Smart devices and their user interfaces, ?apps? (SDA), have gained rapid acceptance amongst consumers. However, the impact of this technology?s use on the nature and quality of individual decisions has remained under-researched. We fill this gap by examining 4.5 million trades of 5315 investors in the UK spread trading markets. The results suggest that there are demographic differences between those who do and do not use smart devices for trading. In addition, even after controlling for these, there are differences in the performance and nature of trading decisions of these two groups. In addition, we show that those who use SDA at some time tend to achieve higher Sharp Ratios, but exercise less trading discipline (measured by disposition effect). Importantly, those who at some time have used smart devices for trading, achieve improved performance (in terms of returns) and risk control (higher Sharp Ratios), when they use SDA compared to when they use traditional trading channels. However, when they use SDA they tend to be more subject to the disposition effect. We discuss the possible reasons for our findings and the implications for financial market operators, regulators and for the efficiency of markets.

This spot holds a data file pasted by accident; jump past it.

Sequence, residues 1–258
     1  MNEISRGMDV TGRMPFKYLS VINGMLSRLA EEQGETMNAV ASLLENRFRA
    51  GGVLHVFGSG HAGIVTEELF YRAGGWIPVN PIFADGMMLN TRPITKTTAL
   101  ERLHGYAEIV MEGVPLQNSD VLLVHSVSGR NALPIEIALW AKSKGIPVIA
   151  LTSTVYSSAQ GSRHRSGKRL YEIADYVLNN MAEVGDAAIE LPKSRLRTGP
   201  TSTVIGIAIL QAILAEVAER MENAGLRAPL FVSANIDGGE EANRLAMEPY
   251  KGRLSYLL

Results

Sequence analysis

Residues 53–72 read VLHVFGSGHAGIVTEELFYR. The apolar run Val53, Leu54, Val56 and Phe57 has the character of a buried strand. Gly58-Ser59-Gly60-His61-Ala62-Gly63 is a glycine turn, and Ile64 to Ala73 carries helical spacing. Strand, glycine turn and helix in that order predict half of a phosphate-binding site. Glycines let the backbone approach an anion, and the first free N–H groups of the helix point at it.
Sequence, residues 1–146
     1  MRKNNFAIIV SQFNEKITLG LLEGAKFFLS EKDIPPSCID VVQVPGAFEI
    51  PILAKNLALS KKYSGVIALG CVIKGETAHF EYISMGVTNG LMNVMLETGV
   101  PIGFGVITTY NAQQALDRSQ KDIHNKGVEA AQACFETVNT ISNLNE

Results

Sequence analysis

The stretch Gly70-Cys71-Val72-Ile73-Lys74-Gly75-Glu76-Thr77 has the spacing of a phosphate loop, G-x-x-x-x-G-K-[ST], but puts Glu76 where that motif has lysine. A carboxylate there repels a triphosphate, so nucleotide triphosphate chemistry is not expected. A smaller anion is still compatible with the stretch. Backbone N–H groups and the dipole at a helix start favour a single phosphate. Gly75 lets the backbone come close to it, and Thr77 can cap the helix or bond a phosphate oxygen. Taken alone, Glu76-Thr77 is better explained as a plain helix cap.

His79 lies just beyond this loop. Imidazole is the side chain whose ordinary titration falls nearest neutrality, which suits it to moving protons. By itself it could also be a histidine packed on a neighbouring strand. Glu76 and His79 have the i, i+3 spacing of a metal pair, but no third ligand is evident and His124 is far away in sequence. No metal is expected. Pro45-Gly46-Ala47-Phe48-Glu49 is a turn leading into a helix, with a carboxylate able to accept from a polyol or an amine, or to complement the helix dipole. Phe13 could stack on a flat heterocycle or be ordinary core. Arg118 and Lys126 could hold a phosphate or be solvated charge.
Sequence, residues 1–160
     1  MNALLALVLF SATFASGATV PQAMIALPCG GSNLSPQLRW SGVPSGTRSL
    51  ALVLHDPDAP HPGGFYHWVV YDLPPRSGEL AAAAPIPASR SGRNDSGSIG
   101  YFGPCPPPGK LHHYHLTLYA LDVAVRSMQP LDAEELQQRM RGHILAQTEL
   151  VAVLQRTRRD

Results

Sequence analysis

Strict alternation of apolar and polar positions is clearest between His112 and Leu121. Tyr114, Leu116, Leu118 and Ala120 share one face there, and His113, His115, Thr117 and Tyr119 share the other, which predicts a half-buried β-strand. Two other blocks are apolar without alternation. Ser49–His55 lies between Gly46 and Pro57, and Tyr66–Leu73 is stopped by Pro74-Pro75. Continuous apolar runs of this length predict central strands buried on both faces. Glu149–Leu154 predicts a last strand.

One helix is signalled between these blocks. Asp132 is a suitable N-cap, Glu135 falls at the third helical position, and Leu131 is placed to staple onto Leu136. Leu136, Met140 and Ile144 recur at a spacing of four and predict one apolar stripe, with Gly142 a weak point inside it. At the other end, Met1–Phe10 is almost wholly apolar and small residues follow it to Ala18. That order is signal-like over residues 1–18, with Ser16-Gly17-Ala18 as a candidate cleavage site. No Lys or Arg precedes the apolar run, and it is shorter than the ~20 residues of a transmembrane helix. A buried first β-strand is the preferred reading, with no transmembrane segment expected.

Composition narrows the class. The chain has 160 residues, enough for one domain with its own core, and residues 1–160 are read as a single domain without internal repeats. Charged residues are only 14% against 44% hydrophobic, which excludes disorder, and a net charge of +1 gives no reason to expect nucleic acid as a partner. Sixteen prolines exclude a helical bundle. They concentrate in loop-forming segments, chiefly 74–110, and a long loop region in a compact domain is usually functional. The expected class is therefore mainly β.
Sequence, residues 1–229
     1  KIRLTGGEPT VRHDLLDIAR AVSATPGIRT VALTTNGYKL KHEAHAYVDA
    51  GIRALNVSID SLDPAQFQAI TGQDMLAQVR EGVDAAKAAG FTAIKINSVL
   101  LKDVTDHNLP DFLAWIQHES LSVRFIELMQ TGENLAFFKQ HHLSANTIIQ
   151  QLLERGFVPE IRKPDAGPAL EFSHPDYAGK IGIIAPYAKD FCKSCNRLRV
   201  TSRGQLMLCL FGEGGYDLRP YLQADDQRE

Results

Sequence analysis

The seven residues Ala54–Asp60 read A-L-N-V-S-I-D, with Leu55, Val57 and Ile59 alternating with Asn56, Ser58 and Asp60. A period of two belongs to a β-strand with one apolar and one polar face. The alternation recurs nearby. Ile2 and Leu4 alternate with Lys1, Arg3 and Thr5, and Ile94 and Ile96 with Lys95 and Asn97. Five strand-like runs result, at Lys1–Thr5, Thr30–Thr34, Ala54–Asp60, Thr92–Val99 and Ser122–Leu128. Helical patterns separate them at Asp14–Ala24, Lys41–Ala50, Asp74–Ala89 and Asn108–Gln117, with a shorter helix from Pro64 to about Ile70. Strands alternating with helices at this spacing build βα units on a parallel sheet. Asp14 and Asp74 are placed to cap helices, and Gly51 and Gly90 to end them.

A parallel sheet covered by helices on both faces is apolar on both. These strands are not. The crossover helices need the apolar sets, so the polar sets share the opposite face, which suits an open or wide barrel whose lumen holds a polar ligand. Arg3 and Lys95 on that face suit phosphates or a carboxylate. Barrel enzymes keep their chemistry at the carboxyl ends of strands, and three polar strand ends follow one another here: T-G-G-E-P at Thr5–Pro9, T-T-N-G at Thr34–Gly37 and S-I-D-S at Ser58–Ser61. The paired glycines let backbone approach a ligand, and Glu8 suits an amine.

|Publication status||Published - 26 May 2017|
|Event||7th Annual SKBI Conference 2017: Advances in Data Science and Implications for Business - , Singapore|
Duration: 26 May 2017 → 26 May 2017
|Conference||7th Annual SKBI Conference 2017|
|Period||26/05/17 → 26/05/17|